It’s only March but bonuses are already likely to be a touchy subject in investment banks this year: chances are that they’ll be cancelled or reduced dramatically, particularly as various banks are giving employees the sorts of employment assurances that usually come at a cost.
Although health considerations will count for more than zeroes at bonus time in 2020, traders who’ve made big profits in the first quarter may nonetheless be disappointed. A new survey reflects just how much they could expect to make in a normal year.
Conducted by search firm Elliot Ross between January 2020 and March 24th, the survey of fixed income flow traders at the top 20 banks in the City of London reveals that most were paid between three and five percent of their profit and loss (PnL) in the recent bonus round.
Compensation was therefore generous for some: eight percent of those surveyed at all levels earned over $1m for 2019. Nonetheless, there was plenty of dissatisfaction with last year’s pay: 60% of respondents said they were unhappy with bonuses and wanted to move jobs. VPs and directors were especially angsty.
Moving in search of higher pay may now prove wishful thinking. Despite an excellent first quarter in which flow FX and commodities traders in particular have done well, 2020 bonuses are likely to be a diminished percentage of PnL and hiring is in the deep freeze. “Front office hiring in banks is running at about 10% of its normal level for this time of year,” says one fixed income headhunter. “A lot of hiring has been put on hold,” says another. “- It’s fine to conduct initial interviews by video camera but are you really going to commit to someone you’ll sit next to for the next five years without meeting them face to face?”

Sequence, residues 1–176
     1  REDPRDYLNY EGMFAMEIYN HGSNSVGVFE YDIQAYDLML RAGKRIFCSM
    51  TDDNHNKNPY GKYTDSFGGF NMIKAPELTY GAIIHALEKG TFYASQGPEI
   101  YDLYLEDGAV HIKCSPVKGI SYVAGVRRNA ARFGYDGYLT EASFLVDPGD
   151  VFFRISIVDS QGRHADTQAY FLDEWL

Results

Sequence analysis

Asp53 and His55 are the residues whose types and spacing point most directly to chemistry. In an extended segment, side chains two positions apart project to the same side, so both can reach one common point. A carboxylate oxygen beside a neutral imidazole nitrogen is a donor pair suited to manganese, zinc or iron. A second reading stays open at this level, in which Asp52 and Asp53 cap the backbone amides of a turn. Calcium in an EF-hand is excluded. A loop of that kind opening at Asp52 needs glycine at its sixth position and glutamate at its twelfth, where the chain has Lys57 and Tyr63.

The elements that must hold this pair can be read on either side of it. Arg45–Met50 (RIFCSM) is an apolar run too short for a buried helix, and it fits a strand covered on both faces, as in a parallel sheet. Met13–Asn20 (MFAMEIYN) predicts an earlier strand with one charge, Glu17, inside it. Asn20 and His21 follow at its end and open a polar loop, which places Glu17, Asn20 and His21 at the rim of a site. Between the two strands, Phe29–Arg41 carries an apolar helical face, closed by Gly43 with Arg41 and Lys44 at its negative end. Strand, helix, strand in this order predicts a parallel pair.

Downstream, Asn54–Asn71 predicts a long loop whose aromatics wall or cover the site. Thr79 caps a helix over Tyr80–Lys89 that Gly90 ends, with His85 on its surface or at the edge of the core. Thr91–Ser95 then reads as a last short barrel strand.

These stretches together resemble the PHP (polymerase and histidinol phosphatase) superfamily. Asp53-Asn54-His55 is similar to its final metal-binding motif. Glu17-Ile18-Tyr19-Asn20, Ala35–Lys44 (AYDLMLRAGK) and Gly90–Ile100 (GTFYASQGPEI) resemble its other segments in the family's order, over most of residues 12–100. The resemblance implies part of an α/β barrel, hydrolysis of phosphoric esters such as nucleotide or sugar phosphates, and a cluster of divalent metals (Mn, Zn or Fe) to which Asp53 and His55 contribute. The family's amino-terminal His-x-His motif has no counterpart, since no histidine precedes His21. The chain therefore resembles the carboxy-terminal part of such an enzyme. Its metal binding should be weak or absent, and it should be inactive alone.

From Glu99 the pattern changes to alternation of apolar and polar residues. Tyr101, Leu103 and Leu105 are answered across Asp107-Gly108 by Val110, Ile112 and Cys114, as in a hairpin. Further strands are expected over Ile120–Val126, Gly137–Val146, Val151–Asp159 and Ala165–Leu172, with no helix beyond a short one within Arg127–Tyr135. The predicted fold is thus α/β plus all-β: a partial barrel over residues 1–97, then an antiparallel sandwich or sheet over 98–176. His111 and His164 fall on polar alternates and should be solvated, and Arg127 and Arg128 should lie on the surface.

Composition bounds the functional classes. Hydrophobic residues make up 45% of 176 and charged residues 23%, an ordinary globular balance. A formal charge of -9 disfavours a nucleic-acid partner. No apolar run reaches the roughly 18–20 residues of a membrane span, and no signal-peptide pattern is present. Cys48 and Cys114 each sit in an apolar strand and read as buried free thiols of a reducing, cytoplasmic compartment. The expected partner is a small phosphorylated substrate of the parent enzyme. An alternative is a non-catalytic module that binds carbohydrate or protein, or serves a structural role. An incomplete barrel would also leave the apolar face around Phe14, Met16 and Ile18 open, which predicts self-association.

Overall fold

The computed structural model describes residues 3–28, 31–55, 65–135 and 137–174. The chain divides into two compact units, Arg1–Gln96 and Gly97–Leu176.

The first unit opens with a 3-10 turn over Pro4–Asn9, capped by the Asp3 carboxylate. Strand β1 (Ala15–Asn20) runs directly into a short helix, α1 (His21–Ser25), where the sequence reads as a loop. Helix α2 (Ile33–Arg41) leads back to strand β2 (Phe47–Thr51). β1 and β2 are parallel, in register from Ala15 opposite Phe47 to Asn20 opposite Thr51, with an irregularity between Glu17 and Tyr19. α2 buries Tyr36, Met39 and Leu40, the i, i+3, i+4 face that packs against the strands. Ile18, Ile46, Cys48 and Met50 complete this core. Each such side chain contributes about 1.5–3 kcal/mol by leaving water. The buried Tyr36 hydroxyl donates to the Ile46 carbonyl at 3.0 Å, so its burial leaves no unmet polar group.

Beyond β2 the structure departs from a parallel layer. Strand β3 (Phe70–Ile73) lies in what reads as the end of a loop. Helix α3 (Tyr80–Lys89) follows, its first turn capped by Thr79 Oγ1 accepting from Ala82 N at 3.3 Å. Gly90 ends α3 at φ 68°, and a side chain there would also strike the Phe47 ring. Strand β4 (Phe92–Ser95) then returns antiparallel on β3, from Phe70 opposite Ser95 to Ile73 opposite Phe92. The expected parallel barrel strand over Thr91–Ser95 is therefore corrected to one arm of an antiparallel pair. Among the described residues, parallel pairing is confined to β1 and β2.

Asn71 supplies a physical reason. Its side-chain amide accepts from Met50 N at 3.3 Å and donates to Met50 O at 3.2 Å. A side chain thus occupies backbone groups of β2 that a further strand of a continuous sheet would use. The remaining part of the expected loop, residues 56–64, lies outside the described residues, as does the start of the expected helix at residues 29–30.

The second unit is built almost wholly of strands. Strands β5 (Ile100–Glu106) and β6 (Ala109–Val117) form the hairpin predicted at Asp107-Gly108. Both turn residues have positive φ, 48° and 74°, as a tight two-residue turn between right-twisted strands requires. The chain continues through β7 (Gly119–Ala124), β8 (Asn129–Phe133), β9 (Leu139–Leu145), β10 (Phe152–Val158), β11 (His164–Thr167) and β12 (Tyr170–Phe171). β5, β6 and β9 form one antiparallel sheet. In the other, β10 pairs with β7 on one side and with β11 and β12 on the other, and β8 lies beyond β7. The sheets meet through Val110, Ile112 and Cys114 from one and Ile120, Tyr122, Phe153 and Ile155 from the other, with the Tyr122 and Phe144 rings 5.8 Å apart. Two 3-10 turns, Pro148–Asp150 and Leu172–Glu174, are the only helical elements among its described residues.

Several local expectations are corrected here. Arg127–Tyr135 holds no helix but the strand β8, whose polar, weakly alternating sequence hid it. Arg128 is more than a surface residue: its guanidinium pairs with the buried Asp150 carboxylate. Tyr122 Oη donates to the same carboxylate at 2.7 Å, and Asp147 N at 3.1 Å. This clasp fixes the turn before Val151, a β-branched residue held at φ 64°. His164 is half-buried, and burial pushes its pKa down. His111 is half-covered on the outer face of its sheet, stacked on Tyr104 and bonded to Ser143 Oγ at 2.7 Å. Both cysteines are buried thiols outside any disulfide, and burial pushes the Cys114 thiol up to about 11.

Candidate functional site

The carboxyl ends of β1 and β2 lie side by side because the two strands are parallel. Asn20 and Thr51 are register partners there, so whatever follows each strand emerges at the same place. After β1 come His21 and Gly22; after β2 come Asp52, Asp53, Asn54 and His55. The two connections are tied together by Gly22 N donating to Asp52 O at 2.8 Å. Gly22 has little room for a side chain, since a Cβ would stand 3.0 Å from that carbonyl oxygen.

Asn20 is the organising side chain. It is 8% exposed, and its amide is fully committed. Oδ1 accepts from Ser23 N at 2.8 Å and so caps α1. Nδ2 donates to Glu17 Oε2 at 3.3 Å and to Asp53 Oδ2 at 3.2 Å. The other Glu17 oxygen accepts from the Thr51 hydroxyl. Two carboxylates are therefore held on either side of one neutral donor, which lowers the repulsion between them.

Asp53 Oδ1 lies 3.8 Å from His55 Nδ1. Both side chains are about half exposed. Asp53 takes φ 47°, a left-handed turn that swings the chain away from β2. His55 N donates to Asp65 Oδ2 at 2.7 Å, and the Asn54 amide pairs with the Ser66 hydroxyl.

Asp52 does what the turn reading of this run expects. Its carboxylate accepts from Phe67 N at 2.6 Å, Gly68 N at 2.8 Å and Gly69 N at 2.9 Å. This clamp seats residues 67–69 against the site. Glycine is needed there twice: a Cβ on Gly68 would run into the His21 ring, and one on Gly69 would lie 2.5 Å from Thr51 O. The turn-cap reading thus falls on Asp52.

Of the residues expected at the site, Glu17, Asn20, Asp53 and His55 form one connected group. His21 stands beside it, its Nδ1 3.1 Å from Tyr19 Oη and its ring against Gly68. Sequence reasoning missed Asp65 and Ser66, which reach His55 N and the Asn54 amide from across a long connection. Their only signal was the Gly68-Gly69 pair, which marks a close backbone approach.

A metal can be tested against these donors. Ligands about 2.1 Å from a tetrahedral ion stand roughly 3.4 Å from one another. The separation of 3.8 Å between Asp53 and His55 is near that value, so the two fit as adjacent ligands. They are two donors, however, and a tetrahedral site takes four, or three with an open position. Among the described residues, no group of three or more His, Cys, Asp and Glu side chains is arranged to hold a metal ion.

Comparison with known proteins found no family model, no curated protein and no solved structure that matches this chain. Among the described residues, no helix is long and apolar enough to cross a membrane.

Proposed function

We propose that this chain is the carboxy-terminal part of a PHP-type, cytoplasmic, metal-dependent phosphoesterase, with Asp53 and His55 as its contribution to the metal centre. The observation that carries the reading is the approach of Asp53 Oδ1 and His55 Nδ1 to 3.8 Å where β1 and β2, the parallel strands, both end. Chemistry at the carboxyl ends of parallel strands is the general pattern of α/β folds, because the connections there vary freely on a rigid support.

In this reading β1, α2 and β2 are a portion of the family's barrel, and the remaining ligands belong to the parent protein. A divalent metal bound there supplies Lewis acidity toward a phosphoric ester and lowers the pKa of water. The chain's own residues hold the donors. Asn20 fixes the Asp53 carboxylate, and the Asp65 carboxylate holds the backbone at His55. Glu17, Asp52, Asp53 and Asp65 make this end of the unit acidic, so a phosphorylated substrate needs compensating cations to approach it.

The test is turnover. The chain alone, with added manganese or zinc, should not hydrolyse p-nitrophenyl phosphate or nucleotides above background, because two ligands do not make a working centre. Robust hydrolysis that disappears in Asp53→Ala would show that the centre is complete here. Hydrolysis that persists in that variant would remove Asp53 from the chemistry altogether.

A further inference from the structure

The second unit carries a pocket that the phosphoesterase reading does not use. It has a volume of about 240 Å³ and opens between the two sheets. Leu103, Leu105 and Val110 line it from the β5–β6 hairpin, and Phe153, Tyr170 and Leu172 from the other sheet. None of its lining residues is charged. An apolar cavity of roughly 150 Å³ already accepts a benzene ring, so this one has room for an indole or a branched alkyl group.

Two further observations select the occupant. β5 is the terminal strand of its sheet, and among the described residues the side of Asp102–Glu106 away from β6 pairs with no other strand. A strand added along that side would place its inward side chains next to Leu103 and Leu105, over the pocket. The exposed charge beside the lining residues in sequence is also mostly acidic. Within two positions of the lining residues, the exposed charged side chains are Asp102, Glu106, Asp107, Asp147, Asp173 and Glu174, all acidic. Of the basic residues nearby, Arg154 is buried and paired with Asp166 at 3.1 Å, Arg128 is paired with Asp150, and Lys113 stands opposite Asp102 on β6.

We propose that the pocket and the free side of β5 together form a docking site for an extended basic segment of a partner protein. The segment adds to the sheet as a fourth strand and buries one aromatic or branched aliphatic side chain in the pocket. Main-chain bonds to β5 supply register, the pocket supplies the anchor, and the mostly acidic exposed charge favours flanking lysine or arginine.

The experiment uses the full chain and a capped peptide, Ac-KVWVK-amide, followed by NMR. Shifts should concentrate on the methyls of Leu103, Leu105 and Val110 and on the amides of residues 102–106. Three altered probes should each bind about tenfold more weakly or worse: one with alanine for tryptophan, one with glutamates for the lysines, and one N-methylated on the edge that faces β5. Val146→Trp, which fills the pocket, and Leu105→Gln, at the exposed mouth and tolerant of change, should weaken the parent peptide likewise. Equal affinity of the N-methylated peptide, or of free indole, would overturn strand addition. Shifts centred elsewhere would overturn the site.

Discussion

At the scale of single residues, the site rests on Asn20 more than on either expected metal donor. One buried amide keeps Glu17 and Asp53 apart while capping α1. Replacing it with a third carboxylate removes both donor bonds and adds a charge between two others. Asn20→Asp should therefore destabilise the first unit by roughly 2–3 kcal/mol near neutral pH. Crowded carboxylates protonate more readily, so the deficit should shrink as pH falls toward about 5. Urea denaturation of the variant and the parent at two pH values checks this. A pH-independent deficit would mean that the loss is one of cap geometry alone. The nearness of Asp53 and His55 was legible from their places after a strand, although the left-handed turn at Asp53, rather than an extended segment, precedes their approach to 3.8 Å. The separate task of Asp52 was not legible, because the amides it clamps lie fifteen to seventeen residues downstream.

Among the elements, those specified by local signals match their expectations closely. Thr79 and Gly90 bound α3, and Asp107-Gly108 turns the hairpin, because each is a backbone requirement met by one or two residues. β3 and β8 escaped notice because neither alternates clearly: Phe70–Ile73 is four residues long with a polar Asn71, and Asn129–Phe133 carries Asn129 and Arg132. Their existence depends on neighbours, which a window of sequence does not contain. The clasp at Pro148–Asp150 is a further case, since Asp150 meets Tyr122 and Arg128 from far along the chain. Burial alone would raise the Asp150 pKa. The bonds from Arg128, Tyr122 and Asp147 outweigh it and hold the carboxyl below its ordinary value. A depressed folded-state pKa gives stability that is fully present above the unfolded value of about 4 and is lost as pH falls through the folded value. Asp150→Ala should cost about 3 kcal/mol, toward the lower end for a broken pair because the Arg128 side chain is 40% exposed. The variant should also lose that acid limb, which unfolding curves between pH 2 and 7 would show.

In the meantime, based on last year’s three to five percent pay calculation, the equity derivative traders at JPMorgan who’ve notched up $1.5bn in revenues year-to-date could already expect to share $60m in bonuses for less than three month’s work. This looks highly unlikely in 2020: bonuses are likely to be a fraction of normal levels with traders fortunate simply to have jobs.
Sarah Butcher – Read more on efinancialcareers.com